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The Politics of Being “Texan” – An Interview with Brandon Rottinghaus, Ph.D.

We are excited to welcome back Prof. Brandon Rottinghaus to WIH to discuss his latest research project, The Politics of Being Texan. We asked him to answer a few questions in anticipation of his upcoming lecture…

  1. What led you to want to do this particular study? Can you share a little bit of you process?

I saw a bumper sticker a few months back that read “I’m Texan and I vote.”  I wondered what it meant to the person in that car. Texas is a big state and there are a lot of opinions about what it means to have Texas pride. I was curious about the political impact of that.

  1. Can you discuss any particular contrasts or similarities in the influence of Texas identity on political issues between the statewide and Houston city levels, and what implications does this have for understanding regional political dynamics in the state?

People who have a stronger Texan identity tend to be people who want to keep Texas closed off, keeping immigration low and eliminating undocumented immigration. These tend to be people who are more conservative in general and people who have lived in Texas for a longer time.

In a different survey, I ask people about “Houstonian” pride. Houstonians who say they’re very prideful of the city are more likely to say that as a community the city is better prepared to recover from extreme weather events, for example.  So it follows that people who have more pride in Houston are more resilient to the kinds of extreme events that we often have and that might influence decision making.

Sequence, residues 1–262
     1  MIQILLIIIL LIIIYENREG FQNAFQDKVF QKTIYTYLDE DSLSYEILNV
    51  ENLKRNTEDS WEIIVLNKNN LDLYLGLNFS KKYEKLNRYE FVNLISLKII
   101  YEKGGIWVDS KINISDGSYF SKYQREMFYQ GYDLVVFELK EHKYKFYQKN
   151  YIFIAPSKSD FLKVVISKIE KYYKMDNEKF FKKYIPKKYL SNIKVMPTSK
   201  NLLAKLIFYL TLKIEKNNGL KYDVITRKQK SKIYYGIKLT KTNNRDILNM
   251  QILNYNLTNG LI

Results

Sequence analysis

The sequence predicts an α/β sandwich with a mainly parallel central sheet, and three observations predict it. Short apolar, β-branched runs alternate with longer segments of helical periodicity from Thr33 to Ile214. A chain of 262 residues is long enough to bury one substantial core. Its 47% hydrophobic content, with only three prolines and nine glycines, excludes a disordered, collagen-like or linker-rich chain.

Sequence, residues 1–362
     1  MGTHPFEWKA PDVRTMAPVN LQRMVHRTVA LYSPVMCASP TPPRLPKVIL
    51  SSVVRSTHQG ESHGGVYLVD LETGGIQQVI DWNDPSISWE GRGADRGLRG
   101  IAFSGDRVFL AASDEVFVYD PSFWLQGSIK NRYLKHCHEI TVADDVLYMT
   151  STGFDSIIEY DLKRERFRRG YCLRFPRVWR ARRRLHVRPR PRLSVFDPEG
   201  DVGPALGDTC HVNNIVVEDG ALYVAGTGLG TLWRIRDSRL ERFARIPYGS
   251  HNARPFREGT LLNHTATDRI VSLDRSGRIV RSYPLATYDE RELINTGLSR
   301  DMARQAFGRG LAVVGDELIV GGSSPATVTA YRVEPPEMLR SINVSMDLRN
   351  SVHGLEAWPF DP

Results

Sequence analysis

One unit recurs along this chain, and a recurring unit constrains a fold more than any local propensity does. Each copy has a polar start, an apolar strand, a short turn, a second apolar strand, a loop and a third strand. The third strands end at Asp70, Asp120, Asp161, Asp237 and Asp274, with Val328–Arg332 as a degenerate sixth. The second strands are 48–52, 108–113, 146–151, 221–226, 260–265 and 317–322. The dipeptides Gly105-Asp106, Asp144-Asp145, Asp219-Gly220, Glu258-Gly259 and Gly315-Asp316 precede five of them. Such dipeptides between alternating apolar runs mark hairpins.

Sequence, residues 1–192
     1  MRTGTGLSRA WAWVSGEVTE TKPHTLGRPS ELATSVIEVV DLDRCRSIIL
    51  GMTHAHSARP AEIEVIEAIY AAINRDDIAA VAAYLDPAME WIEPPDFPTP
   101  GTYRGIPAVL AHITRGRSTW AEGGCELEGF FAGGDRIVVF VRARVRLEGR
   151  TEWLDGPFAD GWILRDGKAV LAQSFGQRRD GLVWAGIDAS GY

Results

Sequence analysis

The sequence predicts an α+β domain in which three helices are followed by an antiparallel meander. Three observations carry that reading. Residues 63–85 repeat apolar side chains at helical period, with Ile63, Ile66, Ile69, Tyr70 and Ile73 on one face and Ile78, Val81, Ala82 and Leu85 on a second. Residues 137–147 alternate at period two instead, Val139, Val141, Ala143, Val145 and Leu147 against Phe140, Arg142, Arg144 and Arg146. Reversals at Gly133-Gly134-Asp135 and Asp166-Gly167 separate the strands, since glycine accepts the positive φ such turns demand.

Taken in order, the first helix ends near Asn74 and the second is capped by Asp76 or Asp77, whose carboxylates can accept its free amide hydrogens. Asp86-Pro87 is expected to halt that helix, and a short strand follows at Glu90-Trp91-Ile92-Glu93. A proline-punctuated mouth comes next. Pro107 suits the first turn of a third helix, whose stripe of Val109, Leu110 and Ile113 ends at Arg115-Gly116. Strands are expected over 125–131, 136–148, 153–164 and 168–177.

3. Based on the survey data’s insights, how might understanding the role of “being Texan” in shaping political viewpoints and policy choices inform approaches to governance, public discourse, and policymaking in Texas?

There are still a lot of unanswered questions about what a stronger Texas identity does in terms of peoples actions — does stronger Texas identity make people conserve energy when ERCOT asks or do people actually drive friendlier?  This research can help us answer these questions and I am looking forward to sharing it.  

Want to learn more about Prof. Brandon Rottinghaus? You can find him here:

Twitter:  @bjrottinghaus

Website:  http://www.brandonrottinghaus.com

Co-Host of the political podcast / TV8 show “Party Politics

Political Analyst KHOU Houston